Author: Marie Le Fresne

Marie Le Fresne is a consultant in Project, Program and Portfolio Management. She hold a French Master in Management of Innovative Enterprise and a Master of Project Management from Australia. She has been working in different industries areas (Submarine, Tidal Turbine, Aircraft carrier, aeronautic, automobile) with different challenges (timing, documentation and configuration management, documentation quality, funding) for the past six years. With those diverse experiences she is able to create and personalize toolset to fulfill the needs of a specific challenge.

Are You Using the Team Planner View Feature in Microsoft Project?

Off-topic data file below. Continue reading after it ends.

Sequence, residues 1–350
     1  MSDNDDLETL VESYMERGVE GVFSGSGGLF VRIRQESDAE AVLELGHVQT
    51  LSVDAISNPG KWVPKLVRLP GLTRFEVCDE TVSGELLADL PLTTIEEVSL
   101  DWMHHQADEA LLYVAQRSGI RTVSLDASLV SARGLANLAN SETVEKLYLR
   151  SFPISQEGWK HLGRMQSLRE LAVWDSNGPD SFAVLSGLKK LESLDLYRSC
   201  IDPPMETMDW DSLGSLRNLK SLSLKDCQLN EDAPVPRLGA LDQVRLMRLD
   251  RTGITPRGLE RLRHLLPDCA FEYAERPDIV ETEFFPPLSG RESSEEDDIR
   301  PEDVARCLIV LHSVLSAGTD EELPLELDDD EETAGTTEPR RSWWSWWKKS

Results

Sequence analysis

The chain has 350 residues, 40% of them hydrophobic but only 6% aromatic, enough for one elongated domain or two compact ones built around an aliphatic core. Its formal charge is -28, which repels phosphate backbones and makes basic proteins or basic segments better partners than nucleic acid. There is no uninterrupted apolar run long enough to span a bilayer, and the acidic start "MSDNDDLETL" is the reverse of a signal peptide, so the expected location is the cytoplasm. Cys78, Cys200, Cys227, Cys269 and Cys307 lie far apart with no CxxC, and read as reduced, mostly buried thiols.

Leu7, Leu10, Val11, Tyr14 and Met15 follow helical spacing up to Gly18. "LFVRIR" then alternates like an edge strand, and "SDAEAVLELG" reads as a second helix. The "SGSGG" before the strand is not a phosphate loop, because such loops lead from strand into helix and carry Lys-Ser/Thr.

Microsoft Project is a powerful scheduling tool. Like all other Microsoft Office applications, it can be personalized and adjusted to answer a specific need. This article will introduce you to a feature in Microsoft Project that is not commonly used. I will explain how I used it to satisfy a very particular requirement. This less known and definitely under-used feature is Team Planner view. This view can be found only within Microsoft Project Professional, which might be the reason why so few people know about it. When choosing the Team Planner view, you will be able to see the calendar for all of your Human Resources, set as Work resources in Microsoft Project. It will show which tasks are scheduled to be worked on and by whom. From this view, you can adjust a task’s duration, move the start date, move a task to another resource, and more. In short, you can manage your resources’ schedule, overload, and interdependencies in a very visual way. A Case Study The issue my team was facing is that many tests were being performed in parallel. We had a limit of only five rooms and a limit of two test tables in each room. There were many programs running concurrently. Each of them had deadlines requiring testing at the same time and in parallel with some core developments. The challenge was how to successfully complete all needed tests by their deadline. When I first started, the team was using Excel to show the tests being performed on each table of each room. One line was representing all the tests for one test table and they were reviewing how the tests were going, based on this Excel chart. This allowed them to see visually what was happening where. However, a lot of unknowns arose in my mind when I thought about how to best help the team: How could I represent precisely the task’s duration (especially short tasks)? How could I track when a test was delayed? How would I be able to identify overlapping tests due to same deadline or a delay in one task? How would I identify the impact of the extension of a test on its deadline or the next tests? How could I make sure the team was able to release the test on time? How could I show when the components needed to be delivered to have enough time to go through all the procedures? How would I identify downtime (holidays, test crash, component damaged, maintenance, etc.) and measure the impact of such? Microsoft Project appears instantly as the great tool for managing the timing of a project schedule. It allows the user to add tasks, duration, deadline, and interdependencies between tasks, and it shows the timeline through the Gantt View. However, for the challenge described above, this was not enough. The team had a nice way, in Excel, of showing the test with color coding and only one line by test table, using shapes. However, as good as Gantt Chart is, it is sometimes difficult to see overlapped tasks. Having each task on a different line made it even harder to have a quick readable overview. Moreover, we needed to identify quickly conflicts for any test table and rearrange the timing accordingly during meetings. The Team Planner Solution This is where the Team Planner view entered in the game. Shown in the steps and the screenshots below, you will see that it is possible to create a layout similar to an Excel chart, but with all the scheduling features specific to Microsoft Project. I will now walk you through how I was able to utilize this great feature. Step 1: Create your timing in the Gantt view, with duration, dependencies (predecessors, lead and lag), starting dates, summary tasks, resources, deadline, etc. Step 2: Visualize your team’s schedule in the Team Planner view. To do so, you simply go to the ‘View’ Ribbon and select the view, Team Planner. The resulting view will show who is doing what and when. You will also be able to identify the tasks that have not being allocated yet. Step 3: Personalize the task bar according to your needs. Perhaps, you’ll want to see the data by project or a similar group of tasks. NOTE: it is not possible to personalize a summary task, since resources should be affected to the tasks themselves. Step 4: Update tasks as needed from the Gantt Chart view in order to keep your schedule in line with reality. The Team Planner view allows you to quickly identify any task conflicts since the Resource Name on the left side will appear in red and brackets will appear on the graph where the conflicts occurs. Step 5: Adjust your timing, based on the identified conflicts, by dragging your tasks either later for the same resource or to another resource. Based on the data entered in the Gantt Chart view, you will not be able to move a task before its predecessor. However, dragging a task will create a “Start no earlier than” constraint, which, if possible, should be avoided. You also can make any other changes to the Task Information window (duration, dependencies, etc.) by double clicking on the task you want to update. Result: Conclusion Now you know how to use the Team Planner view feature from Microsoft Project, but, at this point, you might be wondering how this human resource management feature helped me to manage the schedule of all of our test tables. The trick is this: I actually considered each of the test tables, which are material resources, as people, namely as a Work resources. Then, I was able to see, for each test table, what test was on and change the timing based on what the team was telling me. In the Gantt Chart view, I entered the deadlines and all dependencies for the tests. For every change, I was able to verify if the overall test would be done within the deadline or not. This resulted in an accurate and representative overview of all the tests in all the rooms. Additionally, it allowed for management of all timing aspects (interdependencies, deadlines, duration, etc.). Using Team Planner view this way, allowed me to, with the same tool, answer to different level of data. The benefits were: Detailed test timing (based on a block timing needed for program releases) showing what the next tests were Test placeholders for core program development who did not always now the details of the tests Global overview for management During team status meetings, I was able to update the tasks and dependencies. I was able to show, in real time, what the timing was. After the meeting, I was able to work on the milestones, and if needed, raise any concerns about task order or completion. I was able to report to management the status, the issues, and the help needed, as well as timing option proposal. You will see below how the timing began to look (for confidentiality reasons, the names of the tasks have been changed): Advanced Tips Team Planner view, as its name indicates, is available only for ‘Work’ in the ‘Resource Sheet’ table. The only two actions you cannot perform in Team Planner view are: Create a new task Split a task To get straight to the task you want to see in the Gantt Chart table, select the task in the Team Planner view and select the Gantt Chart view. Microsoft Project will go directly to this task and you will not have to scroll down through all your lines! To be able to see in red all the overloads, make sure to select ‘Look for over allocations on a [Day to Day] basis’ It is possible to exceptionally assign two tasks for the same resource (without changing the ‘Max Units’ of this resource for the all project) for a specific period of time. Do this by updating the Resource Availability for the appropriate period. This will work as well if a resource is actually available only a half day. Open the resource sheet view Double click on the resource that needs to be updated In the resource availability part of the Resource Information window, update the percentage of availability The figure above shows that from the start of the project to 10/16/2016, the resource was available at 100%. From 10/17/2016 to 10/23/2016, the resource was available at 200% (which allowed us to execute two tasks in the same time). From 10/24/2016 to the end of the project the resource was available at 100%. I hope this article is helpful in showing a little bit more about the Team Planner view feature and what it can do for you. Special thanks to my co-worker, who introduced me to the Team Planer View, and to the team I was working with during this challenge. I am appreciative of their trust and their patience. Related Content Webinars (watch for free now!): The Basics of Schedule Planning – It’s ALL about Communication What’s the value of Schedule Risk Analysis? Articles: Getting Earned Value Metrics from Microsoft Project Two Great Ways to Publish your Plan to the Web—without SharePoint! Exploratory vs. Explanatory Visuals in Planning